As far as racing games go on PlayStation 4, Overpass offers something fairly unique. In this game from Bigben Interactive, it's you against the earth as you traverse harsh terrain as quickly as possible in ATVs and buggies. It's certainly a novel concept, but sadly the gameplay is about as refined as the craggy rocks that you're supposed to climb.

The game is framed to be relatively realistic, with your vehicle reacting to varied surfaces differently and the need to switch to differential lock when needs be. If you're riding an ATV, you'll also need to be mindful of weight distribution, as the position of the driver can make all the difference while you're navigating tricky obstacles. In this respect, Overpass does a pretty decent job; whether it's an obstacle course or a hill climb, you really have to fight the physics system to conquer the track.

Unfortunately, this is partly where the game falls down. Sure, you're meant to feel like you're in a battle with the landscape, but more often than not, the landscape wins. It's extremely easy to topple over, or get in a position where it's nigh impossible to move forward. You can respawn whenever you need to, but the balance feels off. This is a very unforgiving game, especially as you'll also be penalised for breaking barrier tape or crossing certain obstacles the wrong way.

Not helping is the unwieldy nature of the handling. At times it can feel pretty good to drive through each location, but again, the simulation aspect gets in the way of the fun. The vehicles you'll be driving have lots of power, but they also have twitchy steering, and because you're never on an even surface, getting to grips with these things is tough. We imagine the right player will relish the challenge of taming this game, but we suspect many will throw in the towel early on.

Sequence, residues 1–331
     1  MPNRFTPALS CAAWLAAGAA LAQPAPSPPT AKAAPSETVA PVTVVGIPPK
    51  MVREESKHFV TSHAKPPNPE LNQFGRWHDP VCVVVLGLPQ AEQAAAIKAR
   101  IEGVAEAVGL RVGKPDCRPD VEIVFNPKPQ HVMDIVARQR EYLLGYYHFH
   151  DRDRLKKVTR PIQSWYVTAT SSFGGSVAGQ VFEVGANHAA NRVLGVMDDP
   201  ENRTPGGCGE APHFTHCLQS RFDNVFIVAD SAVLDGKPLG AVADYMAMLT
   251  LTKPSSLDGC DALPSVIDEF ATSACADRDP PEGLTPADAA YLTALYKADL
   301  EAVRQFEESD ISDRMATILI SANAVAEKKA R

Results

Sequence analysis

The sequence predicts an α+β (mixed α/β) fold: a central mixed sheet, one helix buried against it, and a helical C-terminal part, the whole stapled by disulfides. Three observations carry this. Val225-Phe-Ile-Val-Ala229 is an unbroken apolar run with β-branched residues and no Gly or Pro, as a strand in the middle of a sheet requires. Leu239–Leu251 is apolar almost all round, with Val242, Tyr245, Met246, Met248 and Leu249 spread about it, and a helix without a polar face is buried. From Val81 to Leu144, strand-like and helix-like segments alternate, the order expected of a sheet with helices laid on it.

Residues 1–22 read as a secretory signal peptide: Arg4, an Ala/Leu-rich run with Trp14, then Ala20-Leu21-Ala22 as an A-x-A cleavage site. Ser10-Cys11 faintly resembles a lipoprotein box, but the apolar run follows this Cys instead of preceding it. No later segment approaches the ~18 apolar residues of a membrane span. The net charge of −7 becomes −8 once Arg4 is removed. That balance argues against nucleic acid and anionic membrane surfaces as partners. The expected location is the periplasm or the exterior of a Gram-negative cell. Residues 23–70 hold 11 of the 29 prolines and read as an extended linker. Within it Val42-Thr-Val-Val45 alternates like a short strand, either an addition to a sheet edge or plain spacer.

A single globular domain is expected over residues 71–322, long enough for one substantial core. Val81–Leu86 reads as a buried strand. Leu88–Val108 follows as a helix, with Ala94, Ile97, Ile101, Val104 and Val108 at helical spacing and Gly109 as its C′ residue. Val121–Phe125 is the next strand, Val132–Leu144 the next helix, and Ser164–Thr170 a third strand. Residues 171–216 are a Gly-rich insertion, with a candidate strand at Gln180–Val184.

Visually, the game isn't half bad, but the audio is another matter. Vehicle sounds in particular are a lowlight; if you have any company while playing this, don't be surprised if the terrible engine noises leave you alone with the TV. In terms of performance, the game is mostly fine, running at a steady 30 frames per second -- unless you try playing split screen.

The lack of polish is a shame, because the courses are well designed with multiple potential routes, and the core idea is solid. There's a Career mode in which you'll compete through numerous seasons, earning money for better vehicles and parts, while Quick Race lets you hop into any track and have at it. Split screen or online multiplayer expand your options too -- it's a fairly well rounded game. However, the gameplay is just not where it needs to be; it's a real uphill struggle. That might be apt, but it isn't all that fun.

Conclusion

Overpass has a neat idea at its core, but it's struggled to pull it off effectively. Surmounting treacherous terrain against the clock is sadly not as fun as it sounds, and you're more likely to get frustrated by the iffy handling and strict rules. There's the kernel of a good game here, and we don't doubt some people will enjoy overcoming this game's challenges, but a lack of polish where it matters most puts this game between a rock and a hard place.